Pain & Exercise: Rehabilitating Muscular Imbalances

Do not make the mistake of over-emphasizing the diagnosis and correction of minute muscular imbalances (MMI) for lifting efficiency or pain. Minute muscular imbalances and asymmetries are common and are a normal occurrence in the  pediatric and adult population. There will always be a difference in force production when you assess the strength of a muscle contraction in isolation. Eg. Quadriceps contraction of one leg can be marginally stronger than the opposite leg. Drastic difference in muscular strength between the legs will be present only in case of disuse of one leg over the other, such as a leg in a cast or due to a congenital abnormality.

Our body moves as a result of simultaneous contractions of many muscles, and not due to a  single muscle contraction in isolation.

There are many reasons for pain in a joint; MMI is rarely the cause. Think about it, if joint pain was due to a MMI wouldn’t you experience pain in that joint from the time you were born or at least most years of your life?

And if there is indeed a muscular imbalance, can it accurately be fixed to achieve a symmetrical force production in the right and the left side of the body? And if symmetrical force production has indeed been achieved via isolation rehabilitation exercises, can it be maintained for the rest of your life?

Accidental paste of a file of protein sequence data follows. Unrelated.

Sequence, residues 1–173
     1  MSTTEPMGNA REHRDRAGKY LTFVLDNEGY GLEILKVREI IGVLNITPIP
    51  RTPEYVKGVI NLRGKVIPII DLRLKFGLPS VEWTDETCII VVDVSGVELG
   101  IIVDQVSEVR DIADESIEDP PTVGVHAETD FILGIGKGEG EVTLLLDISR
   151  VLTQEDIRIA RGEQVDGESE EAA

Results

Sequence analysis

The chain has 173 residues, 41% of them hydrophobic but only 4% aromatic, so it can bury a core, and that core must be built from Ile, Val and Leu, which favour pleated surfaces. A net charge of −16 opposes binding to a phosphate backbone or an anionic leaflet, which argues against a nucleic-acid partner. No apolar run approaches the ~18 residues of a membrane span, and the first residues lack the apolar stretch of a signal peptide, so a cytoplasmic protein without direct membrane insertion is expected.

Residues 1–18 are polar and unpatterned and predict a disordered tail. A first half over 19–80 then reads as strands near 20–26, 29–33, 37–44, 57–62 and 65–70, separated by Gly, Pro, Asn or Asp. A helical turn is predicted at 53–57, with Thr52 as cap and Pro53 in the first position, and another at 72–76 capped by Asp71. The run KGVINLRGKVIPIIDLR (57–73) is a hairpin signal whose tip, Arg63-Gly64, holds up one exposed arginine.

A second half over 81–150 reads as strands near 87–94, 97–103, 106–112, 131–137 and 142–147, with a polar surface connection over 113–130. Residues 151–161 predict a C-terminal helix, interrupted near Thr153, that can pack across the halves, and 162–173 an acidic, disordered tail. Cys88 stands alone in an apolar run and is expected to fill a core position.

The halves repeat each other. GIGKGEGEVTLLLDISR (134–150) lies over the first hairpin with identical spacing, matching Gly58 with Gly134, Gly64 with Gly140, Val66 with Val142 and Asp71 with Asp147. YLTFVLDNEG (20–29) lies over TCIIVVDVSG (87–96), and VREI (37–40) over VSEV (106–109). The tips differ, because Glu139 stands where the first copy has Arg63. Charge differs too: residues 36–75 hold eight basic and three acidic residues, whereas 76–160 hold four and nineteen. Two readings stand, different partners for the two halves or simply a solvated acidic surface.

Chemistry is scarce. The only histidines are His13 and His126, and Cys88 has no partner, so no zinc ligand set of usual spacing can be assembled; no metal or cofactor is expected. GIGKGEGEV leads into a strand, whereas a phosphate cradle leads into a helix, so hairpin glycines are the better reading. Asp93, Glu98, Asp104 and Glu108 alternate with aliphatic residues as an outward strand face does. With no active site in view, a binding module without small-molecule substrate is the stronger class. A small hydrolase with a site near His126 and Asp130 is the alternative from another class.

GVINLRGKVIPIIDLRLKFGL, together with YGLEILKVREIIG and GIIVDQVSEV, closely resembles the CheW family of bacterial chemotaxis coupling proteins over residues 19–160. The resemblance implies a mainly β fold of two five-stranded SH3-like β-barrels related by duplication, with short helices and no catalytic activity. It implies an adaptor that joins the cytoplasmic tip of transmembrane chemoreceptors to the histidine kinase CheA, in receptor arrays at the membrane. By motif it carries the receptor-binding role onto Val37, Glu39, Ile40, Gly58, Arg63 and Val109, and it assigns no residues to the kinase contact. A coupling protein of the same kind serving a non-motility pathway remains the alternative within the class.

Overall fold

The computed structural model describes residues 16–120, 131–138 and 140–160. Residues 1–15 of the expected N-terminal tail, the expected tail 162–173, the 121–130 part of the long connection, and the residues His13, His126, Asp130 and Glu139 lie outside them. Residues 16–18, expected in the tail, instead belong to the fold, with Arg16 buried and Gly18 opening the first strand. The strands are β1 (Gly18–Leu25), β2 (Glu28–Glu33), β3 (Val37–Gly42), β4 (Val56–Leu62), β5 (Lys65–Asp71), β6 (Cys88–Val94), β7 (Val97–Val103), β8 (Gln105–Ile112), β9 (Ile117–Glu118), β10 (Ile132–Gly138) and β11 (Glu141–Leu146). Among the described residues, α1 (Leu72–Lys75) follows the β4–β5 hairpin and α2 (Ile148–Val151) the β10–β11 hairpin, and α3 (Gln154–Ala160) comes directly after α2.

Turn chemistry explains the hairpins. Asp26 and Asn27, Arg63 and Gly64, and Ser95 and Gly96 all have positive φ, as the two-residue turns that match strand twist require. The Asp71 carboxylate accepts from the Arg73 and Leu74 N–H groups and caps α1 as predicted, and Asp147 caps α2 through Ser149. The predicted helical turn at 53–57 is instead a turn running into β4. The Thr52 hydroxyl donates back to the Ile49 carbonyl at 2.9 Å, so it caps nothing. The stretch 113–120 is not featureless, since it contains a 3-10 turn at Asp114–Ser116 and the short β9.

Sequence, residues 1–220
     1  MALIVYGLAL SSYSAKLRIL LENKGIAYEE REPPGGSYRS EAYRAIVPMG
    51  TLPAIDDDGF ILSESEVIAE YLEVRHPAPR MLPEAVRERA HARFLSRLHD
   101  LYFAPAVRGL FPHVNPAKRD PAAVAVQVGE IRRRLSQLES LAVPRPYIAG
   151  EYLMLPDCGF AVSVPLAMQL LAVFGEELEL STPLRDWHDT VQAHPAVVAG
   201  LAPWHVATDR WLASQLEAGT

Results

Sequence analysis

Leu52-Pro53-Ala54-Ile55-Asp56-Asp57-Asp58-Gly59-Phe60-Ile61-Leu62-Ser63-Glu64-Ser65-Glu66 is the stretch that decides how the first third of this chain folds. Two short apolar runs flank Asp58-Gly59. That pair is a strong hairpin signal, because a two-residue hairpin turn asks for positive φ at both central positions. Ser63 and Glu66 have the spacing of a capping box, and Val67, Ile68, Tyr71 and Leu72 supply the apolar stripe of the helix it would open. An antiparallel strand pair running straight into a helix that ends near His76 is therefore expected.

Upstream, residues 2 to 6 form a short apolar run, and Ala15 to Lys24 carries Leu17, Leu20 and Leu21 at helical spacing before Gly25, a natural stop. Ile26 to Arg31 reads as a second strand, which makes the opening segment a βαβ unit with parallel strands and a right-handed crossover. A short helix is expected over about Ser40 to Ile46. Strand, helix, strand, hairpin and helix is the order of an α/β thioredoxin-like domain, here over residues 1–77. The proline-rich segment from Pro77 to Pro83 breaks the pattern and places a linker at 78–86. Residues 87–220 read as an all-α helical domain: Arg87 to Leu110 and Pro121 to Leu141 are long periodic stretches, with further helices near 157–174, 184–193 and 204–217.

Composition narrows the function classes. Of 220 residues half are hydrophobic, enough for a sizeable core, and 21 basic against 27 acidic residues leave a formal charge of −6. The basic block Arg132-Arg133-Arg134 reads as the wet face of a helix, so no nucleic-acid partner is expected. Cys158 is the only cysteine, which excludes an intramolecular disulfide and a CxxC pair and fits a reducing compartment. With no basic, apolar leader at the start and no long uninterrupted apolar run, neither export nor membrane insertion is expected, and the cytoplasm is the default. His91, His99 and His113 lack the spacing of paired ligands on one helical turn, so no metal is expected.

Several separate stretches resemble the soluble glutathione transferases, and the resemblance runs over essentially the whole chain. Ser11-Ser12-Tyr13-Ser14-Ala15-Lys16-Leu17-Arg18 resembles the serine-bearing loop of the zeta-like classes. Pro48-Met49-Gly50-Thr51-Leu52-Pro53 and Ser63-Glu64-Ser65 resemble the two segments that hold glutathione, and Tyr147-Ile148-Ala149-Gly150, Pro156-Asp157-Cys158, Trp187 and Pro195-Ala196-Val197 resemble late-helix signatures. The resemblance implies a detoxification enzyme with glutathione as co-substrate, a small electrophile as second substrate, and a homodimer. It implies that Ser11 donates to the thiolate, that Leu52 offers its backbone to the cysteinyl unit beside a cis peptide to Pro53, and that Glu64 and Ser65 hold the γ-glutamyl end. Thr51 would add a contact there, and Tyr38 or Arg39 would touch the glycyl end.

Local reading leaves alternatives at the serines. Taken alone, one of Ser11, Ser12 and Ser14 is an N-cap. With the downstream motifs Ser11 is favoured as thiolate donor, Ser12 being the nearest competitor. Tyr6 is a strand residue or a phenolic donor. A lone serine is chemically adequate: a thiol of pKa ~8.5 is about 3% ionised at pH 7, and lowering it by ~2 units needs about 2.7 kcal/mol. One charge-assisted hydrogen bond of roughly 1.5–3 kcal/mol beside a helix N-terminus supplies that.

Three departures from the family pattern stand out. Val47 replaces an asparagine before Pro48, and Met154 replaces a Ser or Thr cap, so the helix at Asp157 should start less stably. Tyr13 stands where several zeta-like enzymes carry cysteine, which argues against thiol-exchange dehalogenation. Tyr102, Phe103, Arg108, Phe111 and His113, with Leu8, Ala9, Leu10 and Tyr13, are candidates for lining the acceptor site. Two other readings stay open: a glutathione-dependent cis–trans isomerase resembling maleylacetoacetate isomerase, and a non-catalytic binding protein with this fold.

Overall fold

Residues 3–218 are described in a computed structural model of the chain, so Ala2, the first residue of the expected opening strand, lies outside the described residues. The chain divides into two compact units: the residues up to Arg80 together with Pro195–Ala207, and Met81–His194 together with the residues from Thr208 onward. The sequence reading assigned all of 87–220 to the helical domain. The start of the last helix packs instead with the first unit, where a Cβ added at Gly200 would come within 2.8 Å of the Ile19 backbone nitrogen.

Most people will fall prey to the gimmicks of “rehabilitation professionals”. There are only a few who are truly making a difference in treating their clients/patients with evidence-based-practice and imparting education. The rest are out there contributing to the world of gimmick rehabilitation.

So, If you’ve been told that your pain or inefficiency in lifting weights is due to MMI, I’d like to advise you to train your body in its entirety to achieve optimum strength, rather than wasting your time on isolation exercises trying to fix something that is normal. Intelligently designed strength training program using barbell lifts will do the job optimally.

Stay Strong, Stay Healthy!
Share this article

1 thought on “Pain & Exercise: Rehabilitating Muscular Imbalances”

Comments are closed.